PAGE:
The Unexplained Pain of Battle

Dr. Mark Borigini Health Guide
  • In virtually all wars there are a number of participants with unexplained symptoms.  Such complaints usually involve fatigue, non-specific gastrointestinal complaints, and muscle and joint pain.  With the Holidays fast upon us, it is a time to not only thank the men and women who serve, but also an opportunity to wish them the best when they return from the far corners of the earth.

     

    Many readers will recall the unexplained physical symptoms which received quite a bit of media attention during and after the 1991 Gulf War.  Interestingly, such somatic complaints were more frequent in those with the diagnosis of posttraumatic stress disorder (PTSD), or other psychological conditions.  Unfortunately, these physical complaints have had a consequence which is not trivial:  the 1991 Gulf War veterans suffered significant occupational disability (as measured by days absent from the workplace).

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    A study published last year in the March-April edition of “Psychosomatics” reviewed the records of over 1,200 Iraq and Afghanistan patients evaluated by psychiatrists at Landstuhl Regional Medical Center in Germany, the largest military medical facility outside the United States.  A little less than 3% received a diagnosis of a somatoform-spectrum disorder (SSD); of those, 63% were diagnosed with conversion disorder, 3% pain disorder, 3% undifferentiated somatoform disorder, 23% psychological factors affecting physical condition, and 7% were suspected of malingering.  One of the most common SSD manifestations was headache.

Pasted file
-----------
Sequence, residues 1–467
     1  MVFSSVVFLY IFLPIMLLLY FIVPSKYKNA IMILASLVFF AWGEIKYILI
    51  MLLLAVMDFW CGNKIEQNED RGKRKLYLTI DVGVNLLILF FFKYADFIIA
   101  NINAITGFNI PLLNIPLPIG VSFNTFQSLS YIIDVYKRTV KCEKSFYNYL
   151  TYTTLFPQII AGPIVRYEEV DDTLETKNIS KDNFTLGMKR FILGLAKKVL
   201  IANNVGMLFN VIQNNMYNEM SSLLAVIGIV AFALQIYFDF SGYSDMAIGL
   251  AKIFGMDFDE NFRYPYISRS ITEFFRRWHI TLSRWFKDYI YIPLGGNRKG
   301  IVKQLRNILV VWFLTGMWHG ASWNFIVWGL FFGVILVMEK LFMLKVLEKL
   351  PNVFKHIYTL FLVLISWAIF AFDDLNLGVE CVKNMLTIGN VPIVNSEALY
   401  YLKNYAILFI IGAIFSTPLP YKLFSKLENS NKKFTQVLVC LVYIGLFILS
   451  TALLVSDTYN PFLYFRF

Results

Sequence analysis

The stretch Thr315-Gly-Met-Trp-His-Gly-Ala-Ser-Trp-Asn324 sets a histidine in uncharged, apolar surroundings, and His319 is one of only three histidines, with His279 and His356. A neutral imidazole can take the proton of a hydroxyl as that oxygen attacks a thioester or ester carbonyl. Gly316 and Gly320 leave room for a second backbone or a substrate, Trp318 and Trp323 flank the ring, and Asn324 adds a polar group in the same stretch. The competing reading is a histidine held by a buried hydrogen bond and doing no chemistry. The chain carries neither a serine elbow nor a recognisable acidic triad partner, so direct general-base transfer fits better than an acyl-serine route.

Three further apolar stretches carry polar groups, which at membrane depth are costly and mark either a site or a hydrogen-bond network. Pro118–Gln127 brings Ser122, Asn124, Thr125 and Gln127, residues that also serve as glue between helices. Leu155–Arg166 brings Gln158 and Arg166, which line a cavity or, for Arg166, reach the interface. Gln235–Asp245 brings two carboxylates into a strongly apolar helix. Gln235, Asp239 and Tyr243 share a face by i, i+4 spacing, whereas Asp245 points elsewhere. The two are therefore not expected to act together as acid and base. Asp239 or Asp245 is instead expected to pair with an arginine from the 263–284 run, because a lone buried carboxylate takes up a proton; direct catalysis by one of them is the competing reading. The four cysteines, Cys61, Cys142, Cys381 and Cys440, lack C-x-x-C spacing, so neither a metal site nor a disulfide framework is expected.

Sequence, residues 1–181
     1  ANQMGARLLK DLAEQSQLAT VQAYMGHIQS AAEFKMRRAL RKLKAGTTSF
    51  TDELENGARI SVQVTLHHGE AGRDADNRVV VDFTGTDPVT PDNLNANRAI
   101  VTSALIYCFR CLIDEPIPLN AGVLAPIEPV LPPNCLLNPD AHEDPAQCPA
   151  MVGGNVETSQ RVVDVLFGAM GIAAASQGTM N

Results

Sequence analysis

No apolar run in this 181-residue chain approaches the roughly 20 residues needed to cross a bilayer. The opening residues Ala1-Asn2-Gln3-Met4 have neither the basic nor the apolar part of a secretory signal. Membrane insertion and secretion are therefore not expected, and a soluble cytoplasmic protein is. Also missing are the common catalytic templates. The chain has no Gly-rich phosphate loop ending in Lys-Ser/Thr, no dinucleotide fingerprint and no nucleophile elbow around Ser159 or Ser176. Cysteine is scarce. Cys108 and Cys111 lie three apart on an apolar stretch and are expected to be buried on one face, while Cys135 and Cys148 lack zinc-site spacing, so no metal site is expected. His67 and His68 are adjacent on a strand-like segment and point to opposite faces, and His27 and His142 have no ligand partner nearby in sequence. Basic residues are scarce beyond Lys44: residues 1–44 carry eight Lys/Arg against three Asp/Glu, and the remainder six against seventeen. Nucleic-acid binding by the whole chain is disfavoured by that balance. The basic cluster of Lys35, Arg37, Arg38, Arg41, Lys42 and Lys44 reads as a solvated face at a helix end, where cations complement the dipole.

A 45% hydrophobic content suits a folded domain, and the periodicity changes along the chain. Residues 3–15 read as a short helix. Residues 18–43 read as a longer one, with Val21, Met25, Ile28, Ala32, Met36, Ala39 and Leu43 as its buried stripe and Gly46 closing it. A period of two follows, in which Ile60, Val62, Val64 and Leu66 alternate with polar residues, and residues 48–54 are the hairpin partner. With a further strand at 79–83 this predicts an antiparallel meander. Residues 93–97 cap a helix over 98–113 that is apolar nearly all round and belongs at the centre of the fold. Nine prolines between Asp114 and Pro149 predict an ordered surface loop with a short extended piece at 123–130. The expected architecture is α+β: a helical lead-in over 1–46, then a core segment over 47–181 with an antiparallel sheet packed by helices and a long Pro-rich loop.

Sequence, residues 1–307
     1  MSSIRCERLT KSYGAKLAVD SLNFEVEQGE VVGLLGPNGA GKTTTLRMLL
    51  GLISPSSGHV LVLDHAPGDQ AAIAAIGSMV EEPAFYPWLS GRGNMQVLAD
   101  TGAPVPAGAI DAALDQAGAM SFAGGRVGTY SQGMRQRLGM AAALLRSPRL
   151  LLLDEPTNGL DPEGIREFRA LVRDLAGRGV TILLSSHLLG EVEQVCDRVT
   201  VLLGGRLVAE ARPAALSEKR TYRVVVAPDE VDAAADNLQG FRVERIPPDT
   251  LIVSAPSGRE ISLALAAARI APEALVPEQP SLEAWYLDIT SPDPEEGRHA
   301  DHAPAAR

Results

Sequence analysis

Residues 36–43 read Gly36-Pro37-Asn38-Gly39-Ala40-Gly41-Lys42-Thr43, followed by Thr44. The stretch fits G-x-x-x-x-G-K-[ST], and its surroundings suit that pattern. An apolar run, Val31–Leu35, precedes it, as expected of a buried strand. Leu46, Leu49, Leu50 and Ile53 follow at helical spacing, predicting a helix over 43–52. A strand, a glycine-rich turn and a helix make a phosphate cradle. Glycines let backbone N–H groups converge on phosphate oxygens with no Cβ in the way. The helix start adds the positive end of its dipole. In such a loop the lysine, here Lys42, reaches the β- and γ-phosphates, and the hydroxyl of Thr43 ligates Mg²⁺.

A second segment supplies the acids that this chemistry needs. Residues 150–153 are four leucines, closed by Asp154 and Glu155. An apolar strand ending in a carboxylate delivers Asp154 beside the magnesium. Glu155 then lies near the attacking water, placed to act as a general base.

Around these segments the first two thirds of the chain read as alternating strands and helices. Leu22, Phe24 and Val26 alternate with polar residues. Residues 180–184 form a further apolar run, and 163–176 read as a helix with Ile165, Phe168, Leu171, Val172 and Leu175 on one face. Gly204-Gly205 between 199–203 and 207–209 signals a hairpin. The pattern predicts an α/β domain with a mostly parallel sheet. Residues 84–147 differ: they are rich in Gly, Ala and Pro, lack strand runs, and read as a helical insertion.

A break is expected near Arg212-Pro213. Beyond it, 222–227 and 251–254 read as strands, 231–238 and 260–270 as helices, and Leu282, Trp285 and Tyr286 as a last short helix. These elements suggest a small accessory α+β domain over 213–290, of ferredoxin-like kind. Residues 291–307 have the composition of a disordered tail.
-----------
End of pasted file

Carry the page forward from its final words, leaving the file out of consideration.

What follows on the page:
Interestingly, deployment-related stressors such as stressful living conditions, weather extremes, interpersonal problems with supervisors and peers and sleep deprivation were most associated (approximately 47% of cases) with SSD.  Past or family psychiatric history resulted in 43% of SSD cases.  Past history of combat exposure, home family problems, and past history of trauma were responsible for a relatively low percentage of SSDs.

     

    So, why are SSDs so uncommon, thus far, among Iraq and Afghanistan veterans?  Here are some theories:

    1. Perhaps there is less of a stigma for today’s veterans; they may feel freer to report psychiatric complaints, thus receiving treatment in a timelier manner compared to past wars.  There has been more of an emphasis the last few years on maintaining the mental health of military personnel.
    2. There may be a rapid resolution of the presenting complaint once the evacuated patient is in a safe environment, out of the combat zone.
    3. SSDs may be effectively managed while in the combat theater, as there is a strong mental health presence in the combat zones of today.
    4. Perhaps SSDs and somatic symptoms that become chronic pain complaints are things seen more commonly after many years.  It could be that it is too early for the vulnerable patient to develop such symptoms and diagnoses.  It should be remembered that after the 1991 Gulf War, 40% of physical symptoms reported by veterans had a latency period that exceeded one year after the return from deployment.

     

  • I have a sense that the veterans of today’s wars will be followed closely.  And while times have changed, in that there is more of a sensitivity on the part of the military in terms of suicide prevention protocols and the attempts at removing stigma from the seeking of mental health counseling, those who treat today’s veterans must also be vigilant for the new challenges which might arise from a veteran who must undergo repeated deployments to the combat environment.  Repeated exposure to traumatic events and the anticipation of those repeat deployments might very well result in heretofore unseen and more virulent psychiatric illness which will almost surely have somatic manifestations.

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    Take a moment to remember the Veteran this Holiday season.  There is a good chance he or she will still be fighting battles long after leaving the service.

Published On: December 24, 2008